|Ivan Raimi, Alvin Sargent
|Tobey Maguire, Kirsten Dunst, James Franco, Thomas Haden Church, Bryce Dallas Howard, Topher Grace, James Cromwell, Rosemary Harris
|May 3, 2007
I’ve been a big fan of the last two Spider-Man movies. Still, I saw Spider-Man 3 with a degree of scepticism. I was worried that the best material had already been used and that this new instalment would be both predictable and unoriginal.
I need not have been concerned because Spider-Man 3 is just as good as the previous two films. There are a few things I’d have done differently but on the whole, it created both suspense and emotion. Crucially however, it keeps its sense a humour. I’m not a fan of super-hero movies that take themselves too seriously.
In this new film, Spidey (aka Peter Parker) will have to battle more than one villain. Picking up from where the second film left off, Peter’s old friend Harry Osborn (Franco) is looking for revenge. Harry believes that Spider-Man is responsible for his father’s death and he wants to settle the score. Peter tries to convince Harry that it was not his fault but Harry isn’t listening.
As this goes on, Peter learns that the man arrested for his own father’s murder is innocent. The real killer is Flint Marko (Church) and he was recently escaped from prison. Just has Harry reacted to his father’s death, Peter’s strongest urge is also that of revenge. Peter’s mother (Harris) warns him to “let it go” but Peter can’t help himself – he wants Marko brought to justice. A darker side of Spidey is emerging…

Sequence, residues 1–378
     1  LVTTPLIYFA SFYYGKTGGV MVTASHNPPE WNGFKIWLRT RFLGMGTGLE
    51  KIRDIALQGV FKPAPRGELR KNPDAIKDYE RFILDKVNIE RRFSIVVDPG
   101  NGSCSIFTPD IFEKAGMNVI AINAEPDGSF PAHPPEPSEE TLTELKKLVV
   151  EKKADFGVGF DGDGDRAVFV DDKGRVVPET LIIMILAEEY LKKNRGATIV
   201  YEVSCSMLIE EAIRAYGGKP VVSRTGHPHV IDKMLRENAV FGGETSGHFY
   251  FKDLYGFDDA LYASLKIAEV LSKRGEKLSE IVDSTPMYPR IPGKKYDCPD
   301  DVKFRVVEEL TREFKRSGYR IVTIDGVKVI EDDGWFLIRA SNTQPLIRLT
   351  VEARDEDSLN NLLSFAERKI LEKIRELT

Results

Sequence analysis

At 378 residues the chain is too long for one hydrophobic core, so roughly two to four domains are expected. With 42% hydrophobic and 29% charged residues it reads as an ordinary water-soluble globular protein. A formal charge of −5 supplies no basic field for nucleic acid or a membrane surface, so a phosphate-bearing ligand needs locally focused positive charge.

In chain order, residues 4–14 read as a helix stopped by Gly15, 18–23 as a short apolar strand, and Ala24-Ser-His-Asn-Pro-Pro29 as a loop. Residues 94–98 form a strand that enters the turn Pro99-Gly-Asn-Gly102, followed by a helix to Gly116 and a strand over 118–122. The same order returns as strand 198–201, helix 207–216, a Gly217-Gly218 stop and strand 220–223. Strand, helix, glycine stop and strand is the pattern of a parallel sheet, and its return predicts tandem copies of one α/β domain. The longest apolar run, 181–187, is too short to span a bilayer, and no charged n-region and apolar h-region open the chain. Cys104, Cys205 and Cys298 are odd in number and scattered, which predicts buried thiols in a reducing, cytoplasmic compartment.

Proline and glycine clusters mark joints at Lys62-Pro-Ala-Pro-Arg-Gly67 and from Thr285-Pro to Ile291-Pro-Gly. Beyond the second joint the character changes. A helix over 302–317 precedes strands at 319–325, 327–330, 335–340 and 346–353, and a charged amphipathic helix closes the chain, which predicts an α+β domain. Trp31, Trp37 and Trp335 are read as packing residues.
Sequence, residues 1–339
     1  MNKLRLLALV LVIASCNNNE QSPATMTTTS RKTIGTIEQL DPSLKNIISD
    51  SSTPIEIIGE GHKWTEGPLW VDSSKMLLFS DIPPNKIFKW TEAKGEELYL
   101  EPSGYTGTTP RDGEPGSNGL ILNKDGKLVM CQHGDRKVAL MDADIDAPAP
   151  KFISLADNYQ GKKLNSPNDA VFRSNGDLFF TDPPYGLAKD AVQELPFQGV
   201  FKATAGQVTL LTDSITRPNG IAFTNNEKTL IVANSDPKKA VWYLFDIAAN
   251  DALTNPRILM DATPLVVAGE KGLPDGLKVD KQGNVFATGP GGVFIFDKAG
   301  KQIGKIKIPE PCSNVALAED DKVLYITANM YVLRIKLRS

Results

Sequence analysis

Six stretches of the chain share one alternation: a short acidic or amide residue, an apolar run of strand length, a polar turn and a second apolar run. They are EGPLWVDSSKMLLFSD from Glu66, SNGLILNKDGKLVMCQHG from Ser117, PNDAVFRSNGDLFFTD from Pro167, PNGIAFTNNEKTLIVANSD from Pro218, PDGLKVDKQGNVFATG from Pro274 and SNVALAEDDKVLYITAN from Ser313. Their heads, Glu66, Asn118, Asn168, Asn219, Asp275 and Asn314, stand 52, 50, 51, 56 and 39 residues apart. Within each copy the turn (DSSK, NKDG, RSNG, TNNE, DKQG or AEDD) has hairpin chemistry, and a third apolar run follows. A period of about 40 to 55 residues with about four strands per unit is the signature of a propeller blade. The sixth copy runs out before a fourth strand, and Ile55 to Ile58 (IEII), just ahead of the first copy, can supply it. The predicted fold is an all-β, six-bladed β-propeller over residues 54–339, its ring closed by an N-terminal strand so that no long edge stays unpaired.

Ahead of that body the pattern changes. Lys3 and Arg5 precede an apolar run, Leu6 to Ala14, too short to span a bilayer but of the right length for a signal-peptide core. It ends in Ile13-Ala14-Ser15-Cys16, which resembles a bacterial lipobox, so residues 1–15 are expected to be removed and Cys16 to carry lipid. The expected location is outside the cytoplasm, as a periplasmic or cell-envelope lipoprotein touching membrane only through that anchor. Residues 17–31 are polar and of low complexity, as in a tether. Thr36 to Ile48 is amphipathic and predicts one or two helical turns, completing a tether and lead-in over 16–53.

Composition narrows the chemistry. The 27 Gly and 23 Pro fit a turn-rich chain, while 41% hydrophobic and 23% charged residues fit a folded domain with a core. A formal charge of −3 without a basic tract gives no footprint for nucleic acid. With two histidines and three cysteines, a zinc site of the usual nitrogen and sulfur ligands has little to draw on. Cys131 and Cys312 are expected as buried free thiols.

As Peter tries to keep his emotions in check, his relationship with girlfriend Mary-Jane Watson (Dunst) starts to suffer. They never seem to find any time to spend together. Peter is always off saving the world and Mary-Jane is trying to make a career as an actress. In the brief moments that they do see each other, the excitable Peter can’t help but talk about how much fun he has as Spider-Man. Mary-Jane struggles to get a word in.
There’s a lot more to tell and a few more enemies that Spider-Man will have to confront but I’ll keep tight-lipped from this point on. I liked the unexpected plot twists and the focus of the story was forever changing. This is not a film where you can predict the ending within the first 5 minutes.
There’s an interesting “interlude” about two-thirds of the way through the film where Peter takes on a new personality. The action-packed drama stops for about 15 minutes and we are treated to an amusing sequence where Peter plays “the bad boy”. Some might be critical of this plot deviation but I enjoyed the break from the main storyline. It’s one of my favourite parts of the film.
If the film has a downside, it’s the overuse of visual effects. There is a fight sequence early in the film between Peter and Harry where they fly atop the city at night. The camera angle seems to be changing every tenth of a second, there was little lighting and the characters moved very quickly. As a result, I had trouble figuring out what was going on. The screen was a giant blur.
As the first big Hollywood blockbuster to be released in 2007, I’m more than happy with Spider-Man 3. It’ll make big money at the box-office but more importantly, it’s actually worth seeing.